Paramond — an extreme display serif

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Comments

  • Although I am used to having two different slopes for acute accents (for about 15 years now), I find the degree of difference in the top example … a bit excessive. I would be curious to hear from some Polish typographers what they think of it.
  • Well, I do have a Polish localization. 
  • Hmmm, Cormorant's /Germandbls/ has been bugging me for a while. I finally made a new version (below).


  • More of the new:
  • edited December 2020
    This whole design process is being as huge as amazing.
    I don't know the rest of humans, but according to what I'm used to solving for Capital eszett (Germanbls) that follows this model, it seems contains too much air inside of it, just because I tend to keep thinking of its shape as just the ligature between "ſ" (longs) and "ʒ" (the old german sharp z), probably you already knew this and I'm not telling that looks wrong, or not beauty, just trying to not being distracted too much because of that internal amount of white (or kind of little spot of light), not sure if I make myself understandable, maybe something close to this idea:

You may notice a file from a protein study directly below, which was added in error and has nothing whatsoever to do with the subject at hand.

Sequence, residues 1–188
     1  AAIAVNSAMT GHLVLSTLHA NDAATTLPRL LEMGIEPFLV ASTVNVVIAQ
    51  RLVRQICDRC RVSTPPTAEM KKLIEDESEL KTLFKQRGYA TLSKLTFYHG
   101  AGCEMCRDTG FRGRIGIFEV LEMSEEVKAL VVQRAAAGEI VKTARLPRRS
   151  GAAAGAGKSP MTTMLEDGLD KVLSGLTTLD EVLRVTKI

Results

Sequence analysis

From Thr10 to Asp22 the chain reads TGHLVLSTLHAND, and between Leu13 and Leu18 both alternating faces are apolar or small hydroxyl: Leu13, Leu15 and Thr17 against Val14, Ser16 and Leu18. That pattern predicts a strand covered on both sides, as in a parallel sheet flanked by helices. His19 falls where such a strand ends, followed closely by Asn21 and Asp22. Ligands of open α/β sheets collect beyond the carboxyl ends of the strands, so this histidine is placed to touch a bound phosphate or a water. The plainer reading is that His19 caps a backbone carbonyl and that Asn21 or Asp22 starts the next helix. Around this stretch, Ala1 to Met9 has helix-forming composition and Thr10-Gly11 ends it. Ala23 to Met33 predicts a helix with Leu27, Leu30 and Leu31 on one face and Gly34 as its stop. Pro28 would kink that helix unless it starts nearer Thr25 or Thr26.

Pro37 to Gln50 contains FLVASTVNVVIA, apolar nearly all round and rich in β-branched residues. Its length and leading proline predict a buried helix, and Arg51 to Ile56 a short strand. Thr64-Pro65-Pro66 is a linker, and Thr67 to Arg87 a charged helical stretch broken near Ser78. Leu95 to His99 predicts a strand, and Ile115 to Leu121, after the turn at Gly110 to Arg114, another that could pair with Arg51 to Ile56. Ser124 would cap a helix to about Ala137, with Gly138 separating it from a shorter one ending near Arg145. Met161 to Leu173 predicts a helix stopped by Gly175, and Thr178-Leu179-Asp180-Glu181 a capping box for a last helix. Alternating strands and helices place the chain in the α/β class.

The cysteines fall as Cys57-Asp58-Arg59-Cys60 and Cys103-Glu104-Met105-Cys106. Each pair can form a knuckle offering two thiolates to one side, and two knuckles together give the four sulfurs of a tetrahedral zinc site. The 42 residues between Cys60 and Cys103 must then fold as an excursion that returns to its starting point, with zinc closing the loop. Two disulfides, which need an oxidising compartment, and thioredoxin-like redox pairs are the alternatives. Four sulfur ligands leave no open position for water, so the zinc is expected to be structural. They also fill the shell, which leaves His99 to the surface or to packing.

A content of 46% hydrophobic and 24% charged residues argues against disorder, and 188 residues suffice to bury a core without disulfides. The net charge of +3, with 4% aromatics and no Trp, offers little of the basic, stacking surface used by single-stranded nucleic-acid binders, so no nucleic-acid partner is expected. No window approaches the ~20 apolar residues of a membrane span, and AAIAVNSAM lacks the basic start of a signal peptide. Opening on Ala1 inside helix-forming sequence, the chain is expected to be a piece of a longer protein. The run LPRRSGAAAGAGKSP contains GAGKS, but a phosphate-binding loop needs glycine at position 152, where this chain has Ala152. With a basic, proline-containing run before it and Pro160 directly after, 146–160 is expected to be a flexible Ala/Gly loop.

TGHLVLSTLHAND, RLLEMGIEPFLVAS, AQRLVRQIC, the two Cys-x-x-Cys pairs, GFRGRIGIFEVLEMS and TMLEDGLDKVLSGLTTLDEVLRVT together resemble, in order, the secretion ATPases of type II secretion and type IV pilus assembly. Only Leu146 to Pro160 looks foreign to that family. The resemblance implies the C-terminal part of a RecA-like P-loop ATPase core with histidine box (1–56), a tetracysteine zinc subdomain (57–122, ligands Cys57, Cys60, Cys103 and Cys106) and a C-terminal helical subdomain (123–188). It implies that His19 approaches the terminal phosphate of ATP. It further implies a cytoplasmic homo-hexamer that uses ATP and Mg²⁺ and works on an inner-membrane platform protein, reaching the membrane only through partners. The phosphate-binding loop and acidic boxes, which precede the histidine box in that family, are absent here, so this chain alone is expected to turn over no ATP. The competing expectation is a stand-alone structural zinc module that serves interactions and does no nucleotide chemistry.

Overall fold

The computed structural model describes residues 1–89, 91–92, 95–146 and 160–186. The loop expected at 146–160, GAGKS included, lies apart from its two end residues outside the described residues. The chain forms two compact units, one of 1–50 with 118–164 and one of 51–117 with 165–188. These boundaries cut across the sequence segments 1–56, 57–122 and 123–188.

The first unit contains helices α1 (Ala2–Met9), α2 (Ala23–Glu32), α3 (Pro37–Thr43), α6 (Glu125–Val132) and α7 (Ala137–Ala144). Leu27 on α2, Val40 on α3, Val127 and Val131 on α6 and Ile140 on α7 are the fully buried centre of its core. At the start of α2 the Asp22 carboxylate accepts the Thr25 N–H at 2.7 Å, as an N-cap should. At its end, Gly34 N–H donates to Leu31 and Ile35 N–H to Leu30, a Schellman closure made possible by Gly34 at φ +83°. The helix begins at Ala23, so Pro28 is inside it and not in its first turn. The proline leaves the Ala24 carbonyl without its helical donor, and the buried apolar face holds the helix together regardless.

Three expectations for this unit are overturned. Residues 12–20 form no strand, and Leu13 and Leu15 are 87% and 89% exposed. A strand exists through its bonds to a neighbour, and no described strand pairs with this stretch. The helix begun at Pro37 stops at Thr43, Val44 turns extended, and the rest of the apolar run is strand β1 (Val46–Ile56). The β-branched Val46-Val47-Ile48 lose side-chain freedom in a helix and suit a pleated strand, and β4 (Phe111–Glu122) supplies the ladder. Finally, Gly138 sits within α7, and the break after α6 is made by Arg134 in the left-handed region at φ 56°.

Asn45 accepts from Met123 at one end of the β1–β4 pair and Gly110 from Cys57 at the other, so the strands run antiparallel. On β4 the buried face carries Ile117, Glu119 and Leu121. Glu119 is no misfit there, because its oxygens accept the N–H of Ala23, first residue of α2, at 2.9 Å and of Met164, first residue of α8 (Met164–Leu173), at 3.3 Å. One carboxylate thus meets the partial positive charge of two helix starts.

• Christian ThalmannChristian Thalmann Posts: 1,618
    edited December 2020
    I personally believe the open counter is one of the main features that make a good /Germandbls/ recognizable, readable, and stately enough to hold its ground among the other capitals. A hectic inner zigzagging one of the main reasons I dislike so many published designs. I'm afraid you're not going to convince me of the opposite.